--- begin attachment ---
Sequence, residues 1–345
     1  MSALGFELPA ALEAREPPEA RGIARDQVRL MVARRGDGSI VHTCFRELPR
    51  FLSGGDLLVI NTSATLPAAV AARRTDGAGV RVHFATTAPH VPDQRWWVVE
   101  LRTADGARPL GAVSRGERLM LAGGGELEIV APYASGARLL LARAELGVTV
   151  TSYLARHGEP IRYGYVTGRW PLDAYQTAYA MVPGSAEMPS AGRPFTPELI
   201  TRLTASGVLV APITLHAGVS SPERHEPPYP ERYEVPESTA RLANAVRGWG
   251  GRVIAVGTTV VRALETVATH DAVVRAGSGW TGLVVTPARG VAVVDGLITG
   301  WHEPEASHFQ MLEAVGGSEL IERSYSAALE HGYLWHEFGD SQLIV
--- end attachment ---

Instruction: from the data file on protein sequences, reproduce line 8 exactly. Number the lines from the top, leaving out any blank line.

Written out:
   301  WHEPEASHFQ MLEAVGGSEL IERSYSAALE HGYLWHEFGD SQLIV